I have a better idea: just use "red" for any state that elects either the Democrats or the Republicans. Both are almost identical big government parties.

  • ||

    I'd like to see more about how those numbers were computed before I believe them. In particular, do the Social Security numbers account for the fact that the poor both spend longer in the workforce (starting earlier, retiring later) and have shorter life expectancies afterward, as explained in David Friedman's "The Machinery of Freedom"?

    There is also some good data from Britain in 1960-80 to show that rich people do flee very high taxation when they can. Then again, Britain had marginal tax rates of over 100% during that period, so maybe the author could have told us something useful about just how high tax rates can go without triggering the problem (if you consider it to be a problem).

  • Rrabbit||

    I disagree on Myth #1. In Europe it can be observed that many rich people move to countries with a much lower tax rate. Say, Monaco with its 3% income tax.

    That approach would not work for rich Americans simply because they would still have to pay Federal income tax.

  • Not Red or Blue||

    Veronique, not your best work on #1. Your conclusion is based on a limited study and fails to adjust for the most import factor, scale of the increase. If I were to raise your state income tax from 2% to 2.2%, a 10% increase, I would agree the percentage of wealthy fleeing a state would be small. But lets say the numbers were more significant. Maybe a change of 6% to 9%, for a 50% increase. Then you would have a mass exodus of the extremely wealthy.

    This is exactly what happened to Maryland a few years ago. The state legislature decided to levy a special tax on all income over $1M. The new tax was an additional 3% and pushed the rate to just shy of 9.5%. According to the Maryland report, approximate 1/3 of the targeted wage earners left the state or their income dropped to below the $1M limit. The new tax originally was estimated to bring in an additional $249M in revenue, it ended up with a $100M reduction, compared to the previous year.
    I personally know a man who left, bought a very impressive house in an income tax free state and still had close to a million dollars in tax savings.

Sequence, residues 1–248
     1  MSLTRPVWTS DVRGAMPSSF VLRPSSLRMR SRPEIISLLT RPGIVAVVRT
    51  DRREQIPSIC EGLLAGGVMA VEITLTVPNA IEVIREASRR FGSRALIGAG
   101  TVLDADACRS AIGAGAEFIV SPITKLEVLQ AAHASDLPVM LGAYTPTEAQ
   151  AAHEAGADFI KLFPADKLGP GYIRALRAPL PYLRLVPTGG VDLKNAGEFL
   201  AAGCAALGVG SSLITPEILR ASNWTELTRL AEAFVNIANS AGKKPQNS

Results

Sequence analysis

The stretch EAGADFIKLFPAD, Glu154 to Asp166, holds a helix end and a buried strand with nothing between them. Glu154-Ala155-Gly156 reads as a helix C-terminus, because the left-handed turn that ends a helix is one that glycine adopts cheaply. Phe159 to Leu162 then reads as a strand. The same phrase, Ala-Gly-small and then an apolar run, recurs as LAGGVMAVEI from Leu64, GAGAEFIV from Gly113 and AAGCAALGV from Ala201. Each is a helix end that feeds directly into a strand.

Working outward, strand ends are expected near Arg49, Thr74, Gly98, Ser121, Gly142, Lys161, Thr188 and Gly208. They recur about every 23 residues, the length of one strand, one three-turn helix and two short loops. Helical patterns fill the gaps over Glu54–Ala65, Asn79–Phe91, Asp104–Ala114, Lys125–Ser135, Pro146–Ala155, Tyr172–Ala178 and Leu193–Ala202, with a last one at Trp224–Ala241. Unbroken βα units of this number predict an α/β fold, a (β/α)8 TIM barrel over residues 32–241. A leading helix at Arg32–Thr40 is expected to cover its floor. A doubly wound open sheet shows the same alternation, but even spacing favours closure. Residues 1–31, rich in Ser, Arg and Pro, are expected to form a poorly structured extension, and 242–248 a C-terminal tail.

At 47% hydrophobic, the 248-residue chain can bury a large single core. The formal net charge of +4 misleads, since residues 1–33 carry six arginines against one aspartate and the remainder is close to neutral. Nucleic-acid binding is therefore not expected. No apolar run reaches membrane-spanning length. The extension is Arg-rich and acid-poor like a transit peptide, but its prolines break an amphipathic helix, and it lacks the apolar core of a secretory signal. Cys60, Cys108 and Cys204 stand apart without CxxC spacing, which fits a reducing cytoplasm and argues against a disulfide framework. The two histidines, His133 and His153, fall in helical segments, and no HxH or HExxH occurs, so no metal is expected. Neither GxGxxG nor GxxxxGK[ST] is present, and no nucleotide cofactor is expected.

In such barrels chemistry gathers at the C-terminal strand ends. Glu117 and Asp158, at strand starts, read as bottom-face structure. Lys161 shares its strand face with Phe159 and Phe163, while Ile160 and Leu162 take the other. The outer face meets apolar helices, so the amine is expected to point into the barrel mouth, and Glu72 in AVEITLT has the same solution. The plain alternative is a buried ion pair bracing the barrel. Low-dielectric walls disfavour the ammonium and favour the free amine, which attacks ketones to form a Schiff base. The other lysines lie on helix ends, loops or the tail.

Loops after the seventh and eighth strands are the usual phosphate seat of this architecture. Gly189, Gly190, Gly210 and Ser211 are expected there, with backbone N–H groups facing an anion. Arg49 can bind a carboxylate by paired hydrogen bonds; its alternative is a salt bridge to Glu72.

This man did not have a second home, but as one wealthy individual pointed out to me, most of the really wealthy already have a second home and spending 6 months and 1 day in the Florida house is not a huge inconvenience.

  • ||

    At the top of my head, there are more smaller, rural red states compared to the metropolis blue states that packs 15-20% of the nation's population. Alabama or Mississipi probably can't be more of a "net payer" than California, which can suck lots of revenue from the tech and entertainment industry, as well as wealthy coastal communities. Plus, all those ports.

    Blue states that are net payers can still favor big government (the myth the author tried to debunk was about big government states). I live in California, and..... well isn't that self explanatory?

    Libertarians (I'm not one necesarily) don't like welfare and farm subsidies to red states any more than like bailing out faile auto industries in blue bastions. That's probably the difference between them and liberals.

  • Dan Lavatan||

    The problem isn't that established wealthy people will move -they are often basically stuck there because of their staff- it is that young people who want to become wealthy will move, and create greater employment in other states.

    Asking people in PA if they moved for low taxes is silly - people who don't like taxes won't live on the East coast. Ask people in Alaska, and you may get a different answer.

    However, I agree there are other factors, or we would all be in Anguilla.

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  • NotSure||

    Tony you prove your buffoonery every day, how exactly does a new born baby voluntarily submit to anything, let alone to your mystical "social contract" ???

  • cheap designer shoes||

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  • gucci shop||